1) Call me ridiculous, but I love the thrill that I feel before and after a dangerous moments. Though I turn into a total coward in the midst of it, I continue to throw myself into such situations, like a moth to a flame. And so, on the week before the G20 meeting in Toronto, knowing there would be proptests that might get out of hand, I went downtown. Even though I wasn’t feeling so well. I planned on calling a friend over to join me in our wannabe-journalist-adventure. But the city was so…peaceful…that I ended up just going to the library alone. I found two very intriguing books, began reading it, but the moment I heard shouting outside, I dropped those books and ran out with my camera. There was a parade of people going down the street, protesting, while they were surrounded by the police(*swoons*) . Anyway! The protest was very peaceful, the speech two of the protestors shared was quite moving.  After I followed them for half an hour I went home.  

It was my SISTER who found herself living a Hollywood moment. She and her friend were shopping at a mall when a lockdown occured. Her friend went nuts because she had to leave soon to catch her flight. So they slipped past a security gaurd and ran out. The man continued to yell out at them: “Ladies! It’s dangerous out there!” But they didn’t believe him. Danger was not something to be expected in their ordinary lives. So they were heading down the street, surrounded by the sound of protestors crying out their grievances–when suddenly a gunshot blasted through the air, triggering everyone into screams. My sister said there was literally a stampede headed towards her as three more gunshots rang over the shouting and screaming. She ran and ran and ran with her friend, to keep themselves from being run over, and to get as far as they could from the shooting.  

I was on the phone earlier with a customer and she was telling me about these anarchists from Montreal that had come to Toronto and had begun to smash windows and such. So I’m assuming this abrupt turn from a protest to a riot might somehow be associated with this group. We’ll see. I’m sure this story will be on the front page of tomorrow’s paper here in Toronto.   


Black-clad demonstrators burned police cars and smashed windows with baseball bats and hammers when rioting broke out at the G20 summit. 

Some protesters hurled bottles at police after they prevented them approaching the perimeter of the economic summit site. 

Heavily-protected riot police responded by firing tear gas 

‘A relatively small group of people came clearly with the intent of damaging property and perpetrating violence. 

‘They’re criminals that came to Toronto deliberately to break the law.’  

The city’s police chief Bill Blair admitted police had struggled to control the crowds, and had used tear gas on one occasion, after warning people to stay away from trouble spots. 

‘We have never seen that level of wanton criminality and vandalism and destruction on our streets,’ he told an evening news conference. 

‘There are limits to free speech, and these limits really end when it infringes on the rights and the safety of others.’ 

At least 130 people were arrested, including some Blair believed were ringleaders of the rioting that started when several hundred anarchists broke away from a large, peaceful demonstration against the top-level meeting.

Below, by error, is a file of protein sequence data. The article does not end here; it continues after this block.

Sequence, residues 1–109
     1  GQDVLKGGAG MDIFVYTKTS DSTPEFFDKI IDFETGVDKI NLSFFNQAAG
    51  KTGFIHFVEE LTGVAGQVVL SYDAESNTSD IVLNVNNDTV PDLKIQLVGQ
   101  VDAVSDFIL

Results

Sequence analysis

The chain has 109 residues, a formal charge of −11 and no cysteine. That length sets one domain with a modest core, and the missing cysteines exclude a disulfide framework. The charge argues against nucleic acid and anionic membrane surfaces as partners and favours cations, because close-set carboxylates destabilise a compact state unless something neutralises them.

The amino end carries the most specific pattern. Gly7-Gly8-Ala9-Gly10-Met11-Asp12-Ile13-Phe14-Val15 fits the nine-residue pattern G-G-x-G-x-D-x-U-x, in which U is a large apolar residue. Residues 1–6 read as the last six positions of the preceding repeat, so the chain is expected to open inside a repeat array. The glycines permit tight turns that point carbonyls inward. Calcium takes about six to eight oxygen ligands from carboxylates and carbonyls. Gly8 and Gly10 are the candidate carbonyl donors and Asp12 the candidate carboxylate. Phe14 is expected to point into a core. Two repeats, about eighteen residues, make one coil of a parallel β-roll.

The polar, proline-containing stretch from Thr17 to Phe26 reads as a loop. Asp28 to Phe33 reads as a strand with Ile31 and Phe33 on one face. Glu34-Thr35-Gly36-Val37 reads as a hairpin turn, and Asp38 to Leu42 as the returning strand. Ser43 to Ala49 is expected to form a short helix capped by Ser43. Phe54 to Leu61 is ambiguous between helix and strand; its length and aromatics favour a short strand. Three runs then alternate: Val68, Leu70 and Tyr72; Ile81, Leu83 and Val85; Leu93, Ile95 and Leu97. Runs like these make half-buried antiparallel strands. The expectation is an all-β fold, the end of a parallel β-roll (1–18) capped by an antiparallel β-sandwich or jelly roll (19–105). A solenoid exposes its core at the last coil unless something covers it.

Photos taken from here 

I found myself shaking my head as I read about what occured downtown. What was going on in the heads of those who burned down police cars and smashed the windows of shops? What do they think they’ll gain from such violence? While I was amazed that this occured in our rather peaceful Toronto, I also found myself laughing, because suddenly, it seemed all so childish. Those car-burnders and window-smashers appeared to me like a child having a tantrum. Violence is not the answer. It only makes a person less creditable and heightens the reason for others to ignore their grievances.

2) On Wednesday Agent#1 emailed me! I waited a full half an hour, preparing my heart, before I finally opened the email. It turns out that I must wait a bit longer. The agent wrote to inform me that my manuscript has been scheduled for a final read in the next two weeks, and was asking whether my book was still available. (I’m not too sure what she means by ‘final read’–Can anyone explain?)I replied that it was–in a most professional manner–though the fingers that were typing these words were trembling. Two weeks now, my friends, before we find out whether The Runaway Courtesan will be offered representation or not.  So keep dropping by my blog, because it is here, to you dear readers and bloggers, that I will tell first the good or bad news. 

3) Be Still My Heart. I’m on chapter 10 of it. And am royally stuck, plot-wise. I just need to find some good inspirational soundtracks to boost me out of the rut.

Swan Lake Ballet (through the eyes of a Philistine)

Philistine:  A smug, ignorant, especially middle-class person who is regarded as being indifferent or antagonistic to artistic and cultural values.

My oil paintings at my parents' place--they won't give them back to me

Being an artist (a writer and a when-I-have-time-which-is-almost-never painter), I wish I could say that I had swooned and had nearly died from ecstasy because I been so enthralled by the ballet—but the truth is, I am a semi-philistine. I was somewhat unmoved by the performance. The last time I watched a ballet was when I was twelve. So when I watched Swan Lake on Wednesday night at the Four Seasons Centre I didn’t know what to expect—but was super excited, nevertheless. I watched performances like the Phantom of the Opera and was expecting something like that where I would be watching with wide-eyes and a gaping-mouth. But instead I oooh-ed and awww-ed and drowsed a bit. I found it so odd that the ballerinas didn’t talk. I couldn’t get myself used to that. I was so focused on the plot that I found myself somewhat disappointed. I didn’t know what I was supposed to be wow-ed by.